Dream Bars

This recipe first appeared in the Australian Women’s Weekly Big Book of Beautiful Biscuits when it was published in 1982. I’ve been making it ever since and it’s always popular.

The original recipe uses 2 cups fruit mince (mincemeat) but I use a cup of dried fruit and a cup of jam instead. It’s great for using up all those bits of jam and marmalade at the bottom of jars – something my family say I’m famous for. It’s always a great achievement when you can find things in the fridge which need using up and turn them into something finger lickin’ good.

When I returned to take the photo someone, who shall remain nameless and blamed the dog, had already eaten a piece.


180g butter at room temp
2/3 cup brown sugar, lightly packed
2 cups plain flour
4 eggs
1 cup brown sugar, firmly packed
2 tsp vanilla essence
2 Tbs Plain flour
1 tsp Baking Powder
3 cups dessicated coconut
1 cup jam (any flavour)
1 cup dried fruit

Preheat oven to 180°C. Process butter and sugar in food processor until creamy. Add sifted flour and mix until you have crumbs which are starting to stick together. Press mixture into a greased Swiss Roll tin or slice tin (mine is 35x25cm) lined with baking paper. It doesn’t have to look very smooth but it does need to be evenly spread to cover the base. Bake for 10 mins or until golden.

Process eggs, sugar and vanilla in food processor. Add coconut, jam and fruit and process just enough to mix. Spread topping over the cooked base, bake for 25-30 mins or until firm and golden brown. Cool, dust with sifted icing sugar and cut into squares.

Variation: Frangipane Bars: make the base as above. When cooked, spread with about a cup or so of raspberry jam or lemon curd. For the filling mix 125g butter, softened, with 1 cup caster sugar in food processor until light and fluffy. Add 4 eggs, ¼ cup plain flour, 3 cups almond meal (or another ground nut) and a tsp of vanilla or almond essence. Spread evenly over the base, sprinkle with flaked almonds and bake for 25-30 mins or until firm and golden brown.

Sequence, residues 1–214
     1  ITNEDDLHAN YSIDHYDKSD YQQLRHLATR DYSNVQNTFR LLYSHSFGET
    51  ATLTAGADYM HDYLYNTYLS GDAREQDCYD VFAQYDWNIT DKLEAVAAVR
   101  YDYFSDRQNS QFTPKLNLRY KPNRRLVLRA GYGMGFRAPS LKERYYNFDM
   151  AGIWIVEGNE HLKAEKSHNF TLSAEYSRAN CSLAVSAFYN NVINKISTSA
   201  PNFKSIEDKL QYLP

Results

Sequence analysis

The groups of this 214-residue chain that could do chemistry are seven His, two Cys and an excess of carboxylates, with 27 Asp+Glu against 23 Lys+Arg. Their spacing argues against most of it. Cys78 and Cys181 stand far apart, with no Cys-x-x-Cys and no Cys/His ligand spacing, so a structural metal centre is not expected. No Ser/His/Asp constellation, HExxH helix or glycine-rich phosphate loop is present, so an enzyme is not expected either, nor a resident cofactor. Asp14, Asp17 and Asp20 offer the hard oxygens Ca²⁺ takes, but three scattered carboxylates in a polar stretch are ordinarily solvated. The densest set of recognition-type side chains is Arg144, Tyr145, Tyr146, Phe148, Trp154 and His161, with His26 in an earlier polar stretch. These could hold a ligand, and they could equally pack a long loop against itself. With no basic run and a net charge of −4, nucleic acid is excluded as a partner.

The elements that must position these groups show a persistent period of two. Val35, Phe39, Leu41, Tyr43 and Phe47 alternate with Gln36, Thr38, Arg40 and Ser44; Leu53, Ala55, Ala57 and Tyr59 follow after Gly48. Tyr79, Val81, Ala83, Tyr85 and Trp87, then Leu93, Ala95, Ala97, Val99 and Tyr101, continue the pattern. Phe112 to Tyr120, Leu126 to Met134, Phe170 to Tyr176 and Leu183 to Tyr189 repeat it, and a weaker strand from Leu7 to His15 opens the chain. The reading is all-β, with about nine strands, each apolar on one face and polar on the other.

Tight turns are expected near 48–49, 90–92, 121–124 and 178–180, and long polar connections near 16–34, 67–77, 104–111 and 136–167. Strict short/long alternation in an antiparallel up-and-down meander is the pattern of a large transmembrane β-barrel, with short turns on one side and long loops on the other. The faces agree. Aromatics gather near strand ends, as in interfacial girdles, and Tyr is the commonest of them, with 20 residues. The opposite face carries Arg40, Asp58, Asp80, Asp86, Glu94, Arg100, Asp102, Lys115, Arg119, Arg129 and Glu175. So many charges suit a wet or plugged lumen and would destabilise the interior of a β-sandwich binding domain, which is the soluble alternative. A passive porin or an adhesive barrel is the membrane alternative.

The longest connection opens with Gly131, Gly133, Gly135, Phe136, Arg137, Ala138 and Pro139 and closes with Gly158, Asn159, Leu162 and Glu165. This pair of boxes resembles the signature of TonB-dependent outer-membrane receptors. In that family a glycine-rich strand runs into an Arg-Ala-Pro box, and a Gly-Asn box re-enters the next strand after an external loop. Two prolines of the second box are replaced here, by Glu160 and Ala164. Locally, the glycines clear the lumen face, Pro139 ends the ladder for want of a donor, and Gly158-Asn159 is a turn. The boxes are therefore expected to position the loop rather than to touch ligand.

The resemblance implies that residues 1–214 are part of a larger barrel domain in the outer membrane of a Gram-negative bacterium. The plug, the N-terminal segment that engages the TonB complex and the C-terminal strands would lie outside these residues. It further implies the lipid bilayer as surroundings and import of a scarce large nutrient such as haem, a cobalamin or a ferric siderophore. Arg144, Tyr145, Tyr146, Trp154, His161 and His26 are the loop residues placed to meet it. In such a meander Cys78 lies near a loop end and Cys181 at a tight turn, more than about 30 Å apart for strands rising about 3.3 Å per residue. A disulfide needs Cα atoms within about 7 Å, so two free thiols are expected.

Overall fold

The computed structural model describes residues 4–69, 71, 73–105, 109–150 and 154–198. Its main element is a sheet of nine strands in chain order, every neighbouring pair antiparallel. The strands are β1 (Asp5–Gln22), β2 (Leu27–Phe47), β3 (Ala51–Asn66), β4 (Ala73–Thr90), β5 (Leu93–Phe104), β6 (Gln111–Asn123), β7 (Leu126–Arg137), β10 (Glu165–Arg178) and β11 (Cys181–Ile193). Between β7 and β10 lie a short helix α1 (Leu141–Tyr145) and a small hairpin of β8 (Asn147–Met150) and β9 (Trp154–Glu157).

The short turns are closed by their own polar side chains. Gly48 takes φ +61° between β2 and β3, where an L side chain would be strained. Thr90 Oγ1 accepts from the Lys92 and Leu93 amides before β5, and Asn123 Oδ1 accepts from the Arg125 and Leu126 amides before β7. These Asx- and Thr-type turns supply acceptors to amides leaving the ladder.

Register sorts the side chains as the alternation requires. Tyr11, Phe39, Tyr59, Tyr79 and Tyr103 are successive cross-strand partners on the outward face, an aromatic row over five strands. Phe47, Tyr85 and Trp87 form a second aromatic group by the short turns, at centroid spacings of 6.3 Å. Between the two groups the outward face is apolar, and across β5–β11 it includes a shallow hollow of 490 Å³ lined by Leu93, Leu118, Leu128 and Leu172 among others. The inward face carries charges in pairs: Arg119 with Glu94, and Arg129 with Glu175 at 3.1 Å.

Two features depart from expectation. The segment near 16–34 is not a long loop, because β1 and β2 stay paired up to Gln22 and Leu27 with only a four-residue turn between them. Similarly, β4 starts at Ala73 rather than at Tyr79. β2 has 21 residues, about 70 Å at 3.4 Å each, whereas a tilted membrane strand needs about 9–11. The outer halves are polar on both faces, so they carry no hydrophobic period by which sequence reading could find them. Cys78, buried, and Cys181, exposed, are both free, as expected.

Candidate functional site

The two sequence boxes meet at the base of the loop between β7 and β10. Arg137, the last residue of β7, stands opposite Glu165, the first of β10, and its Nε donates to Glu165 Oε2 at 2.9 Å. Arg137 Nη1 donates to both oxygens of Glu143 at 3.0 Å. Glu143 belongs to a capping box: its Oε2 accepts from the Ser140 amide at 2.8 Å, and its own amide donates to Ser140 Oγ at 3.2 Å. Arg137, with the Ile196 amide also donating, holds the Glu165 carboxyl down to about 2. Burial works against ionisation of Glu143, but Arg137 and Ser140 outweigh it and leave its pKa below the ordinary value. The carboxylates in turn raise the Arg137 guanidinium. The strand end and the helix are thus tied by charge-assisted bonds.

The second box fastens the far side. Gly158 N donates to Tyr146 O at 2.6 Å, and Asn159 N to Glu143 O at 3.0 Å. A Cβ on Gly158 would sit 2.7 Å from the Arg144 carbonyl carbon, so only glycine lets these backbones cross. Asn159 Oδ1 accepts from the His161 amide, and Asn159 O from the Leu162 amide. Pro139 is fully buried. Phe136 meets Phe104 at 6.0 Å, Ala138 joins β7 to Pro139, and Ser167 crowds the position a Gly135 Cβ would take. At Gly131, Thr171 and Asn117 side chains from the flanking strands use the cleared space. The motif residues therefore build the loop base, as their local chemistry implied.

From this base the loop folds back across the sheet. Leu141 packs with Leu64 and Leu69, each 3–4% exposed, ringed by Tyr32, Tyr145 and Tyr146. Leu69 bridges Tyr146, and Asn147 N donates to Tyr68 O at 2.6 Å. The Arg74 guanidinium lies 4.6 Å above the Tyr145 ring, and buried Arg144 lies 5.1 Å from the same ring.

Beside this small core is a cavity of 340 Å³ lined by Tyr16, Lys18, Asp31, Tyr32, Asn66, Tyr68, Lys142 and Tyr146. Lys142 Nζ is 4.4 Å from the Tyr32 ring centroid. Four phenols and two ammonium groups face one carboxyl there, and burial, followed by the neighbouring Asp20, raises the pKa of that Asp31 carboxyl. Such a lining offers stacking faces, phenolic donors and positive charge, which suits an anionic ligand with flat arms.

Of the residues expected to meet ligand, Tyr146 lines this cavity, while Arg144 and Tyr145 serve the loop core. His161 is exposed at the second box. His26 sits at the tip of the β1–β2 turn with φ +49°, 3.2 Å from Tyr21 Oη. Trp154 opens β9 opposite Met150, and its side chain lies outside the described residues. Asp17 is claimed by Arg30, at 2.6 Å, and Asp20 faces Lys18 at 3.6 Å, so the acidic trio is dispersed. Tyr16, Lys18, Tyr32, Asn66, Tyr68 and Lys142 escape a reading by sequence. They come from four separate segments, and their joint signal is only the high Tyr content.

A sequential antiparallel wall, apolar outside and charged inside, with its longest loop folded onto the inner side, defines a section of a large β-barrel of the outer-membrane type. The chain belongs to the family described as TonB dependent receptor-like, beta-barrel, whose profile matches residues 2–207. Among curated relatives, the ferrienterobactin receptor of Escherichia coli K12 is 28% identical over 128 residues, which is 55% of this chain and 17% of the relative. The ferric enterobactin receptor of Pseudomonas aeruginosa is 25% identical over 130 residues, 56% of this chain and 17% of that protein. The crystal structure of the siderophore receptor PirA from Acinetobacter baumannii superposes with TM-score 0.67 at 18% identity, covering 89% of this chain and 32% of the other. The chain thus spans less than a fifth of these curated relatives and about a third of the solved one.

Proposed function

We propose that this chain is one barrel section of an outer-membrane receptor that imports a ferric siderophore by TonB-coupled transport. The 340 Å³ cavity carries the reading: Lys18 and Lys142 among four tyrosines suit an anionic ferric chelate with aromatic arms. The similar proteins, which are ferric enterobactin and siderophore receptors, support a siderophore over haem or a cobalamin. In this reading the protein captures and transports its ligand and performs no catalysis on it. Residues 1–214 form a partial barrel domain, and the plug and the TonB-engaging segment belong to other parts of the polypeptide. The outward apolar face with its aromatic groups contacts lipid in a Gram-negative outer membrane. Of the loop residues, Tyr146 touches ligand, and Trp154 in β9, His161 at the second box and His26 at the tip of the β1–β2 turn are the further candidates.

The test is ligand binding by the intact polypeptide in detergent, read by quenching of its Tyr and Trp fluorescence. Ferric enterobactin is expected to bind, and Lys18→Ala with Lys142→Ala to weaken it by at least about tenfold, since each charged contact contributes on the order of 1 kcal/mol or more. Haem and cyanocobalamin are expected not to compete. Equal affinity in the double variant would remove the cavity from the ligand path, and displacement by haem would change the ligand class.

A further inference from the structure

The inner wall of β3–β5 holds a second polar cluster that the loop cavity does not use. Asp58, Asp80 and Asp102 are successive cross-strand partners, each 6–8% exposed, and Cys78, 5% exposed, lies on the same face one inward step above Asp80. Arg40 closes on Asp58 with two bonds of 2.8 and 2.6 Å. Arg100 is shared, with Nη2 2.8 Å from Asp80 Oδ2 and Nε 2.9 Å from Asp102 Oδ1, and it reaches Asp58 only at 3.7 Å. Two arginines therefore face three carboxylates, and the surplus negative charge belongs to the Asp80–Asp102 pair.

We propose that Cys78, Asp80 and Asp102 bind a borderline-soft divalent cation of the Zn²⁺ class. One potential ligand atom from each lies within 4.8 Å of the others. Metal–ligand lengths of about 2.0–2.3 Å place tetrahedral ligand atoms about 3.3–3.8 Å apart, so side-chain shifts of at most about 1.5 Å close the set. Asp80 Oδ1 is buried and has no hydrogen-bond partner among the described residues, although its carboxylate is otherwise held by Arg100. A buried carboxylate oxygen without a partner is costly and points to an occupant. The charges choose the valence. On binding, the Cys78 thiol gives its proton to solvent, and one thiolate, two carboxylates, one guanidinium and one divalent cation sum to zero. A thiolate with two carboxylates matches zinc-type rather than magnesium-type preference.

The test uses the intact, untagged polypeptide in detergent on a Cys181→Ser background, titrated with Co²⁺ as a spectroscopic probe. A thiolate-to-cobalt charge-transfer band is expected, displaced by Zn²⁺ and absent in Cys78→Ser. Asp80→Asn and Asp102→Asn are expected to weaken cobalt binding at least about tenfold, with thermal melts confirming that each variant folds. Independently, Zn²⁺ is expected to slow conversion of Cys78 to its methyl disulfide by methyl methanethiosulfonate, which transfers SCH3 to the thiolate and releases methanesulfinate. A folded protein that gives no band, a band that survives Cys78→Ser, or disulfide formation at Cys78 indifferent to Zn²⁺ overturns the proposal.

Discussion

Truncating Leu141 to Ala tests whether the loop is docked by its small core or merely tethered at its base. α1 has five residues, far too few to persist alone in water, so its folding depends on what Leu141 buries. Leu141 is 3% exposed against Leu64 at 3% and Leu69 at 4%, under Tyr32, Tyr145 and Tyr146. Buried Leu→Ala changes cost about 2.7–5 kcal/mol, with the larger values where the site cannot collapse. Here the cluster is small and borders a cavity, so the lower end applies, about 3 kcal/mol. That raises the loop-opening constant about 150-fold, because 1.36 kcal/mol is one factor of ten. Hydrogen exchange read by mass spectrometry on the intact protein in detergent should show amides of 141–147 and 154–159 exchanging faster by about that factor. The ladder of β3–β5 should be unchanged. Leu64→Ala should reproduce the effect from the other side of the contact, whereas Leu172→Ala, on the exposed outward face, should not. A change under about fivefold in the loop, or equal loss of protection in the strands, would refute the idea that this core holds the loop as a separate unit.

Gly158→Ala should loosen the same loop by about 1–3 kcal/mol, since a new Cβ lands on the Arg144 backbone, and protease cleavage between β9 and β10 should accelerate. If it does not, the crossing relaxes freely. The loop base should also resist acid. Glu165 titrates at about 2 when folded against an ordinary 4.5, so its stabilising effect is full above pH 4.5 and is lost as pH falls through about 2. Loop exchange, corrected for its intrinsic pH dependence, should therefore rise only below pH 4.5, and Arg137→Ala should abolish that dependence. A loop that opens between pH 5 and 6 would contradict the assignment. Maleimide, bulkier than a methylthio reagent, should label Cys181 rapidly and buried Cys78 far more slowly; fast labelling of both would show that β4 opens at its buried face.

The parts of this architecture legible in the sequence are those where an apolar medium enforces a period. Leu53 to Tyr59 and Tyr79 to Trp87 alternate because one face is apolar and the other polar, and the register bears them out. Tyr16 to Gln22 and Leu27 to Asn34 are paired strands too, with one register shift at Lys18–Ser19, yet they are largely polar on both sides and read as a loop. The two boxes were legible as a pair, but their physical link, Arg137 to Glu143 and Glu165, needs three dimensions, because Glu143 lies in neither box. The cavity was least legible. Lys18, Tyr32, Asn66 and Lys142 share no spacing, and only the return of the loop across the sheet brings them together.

Anzac Biscuits

On the 25th of April Australians and New Zealanders remember those who have lost their lives in military conflict. The date of Anzac day marks the anniversary of the landing in Gallipoli (Turkey) during the First World War, when many lives were lost. The acronym Anzac stands for the Australian and New Zealand Army Corps. Dawn services are held on this day in many countries, including France and Turkey.

Anzac biscuits were apparently sent by wives to soldiers abroad because they kept well during naval transportation. Nowadays they are made commercially, but many people make their own. There are some variations in the recipes so here is mine.


1 cup porridge oats
½ cup plain flour
½ cup self raising flour
1 cup sugar
¾ cup desiccated coconut
125g butter
2 Tbs golden syrup (see note below)
½ tsp bicarbonate of soda
1 Tbs boiling water

Preheat oven to 170°C. In a large bowl mix oats, flour, sugar and coconut. Place butter and golden syrup in a small saucepan and stir over gentle heat until melted. Mix soda with boiling water and add to the butter mixture, then mix into the dry ingredients.

Place balls of one tablespoonful of mixture on lightly greased oven trays, or trays lined with non-stick baking paper – 12 per sheet, not too close together as they will spread. Bake for 12-20 minutes, or until a nice honey-brown colour. Ovens vary. If you prefer them more chewy and less crunchy, remove from the oven a bit earlier. If on tins without paper, loosen while still warm, then cool on the trays. Store in an airtight tin.

Makes about 2 dozen

Note: unless you live in Australia, New Zealand or the UK you may have difficulty finding golden syrup. There are some online sites which sell British ingredients. I have tried substituting honey but it’s not the same.

Sesame Cheese Biscuits

These delicious biscuits are family favourites to serve with drinks.  They’re a traditional Aussie recipe and were made by all the ladies of a certain age – my mother in law, her sister and my dear friend Joan Tyrrel who passed away last year. While the recipe says to use cheddar, you can use any hard cheeses, including a mixture of leftover bits and pieces! At their best when fresh, they will keep in a tin with a lid for up to a week, if they last that long.

Sesame Cheese Biscuits
200g plain flour
200g butter
200g cheddar cheese, grated
1-2 tsp dry English mustard or cayenne pepper (optional)
Sesame seeds to coat

Preheat oven to 180C.  Place flour and butter in food processor and process until fine crumbs.  If liked add some English mustard powder or cayenne pepper at this stage.  Add grated cheddar and continue to process until mixture forms a ball.  Tip out then pinch off pieces the size of a large walnut and roll into balls.  Roll balls in sesame seeds to coat them all over, then arrange on baking trays lined with baking paper.  Press each biscuit lightly with a fork and leave a space between each one as they will spread while cooking.  On a hot day it’s a good idea to refrigerate the biscuits for about half an hour before cooking.  Bake for about 15 minutes or until golden.  Cool on cake racks.

Makes about 45 biscuits

Note: you can make this recipe with less or more ingredients, just keep the weights of flour, butter and cheese equal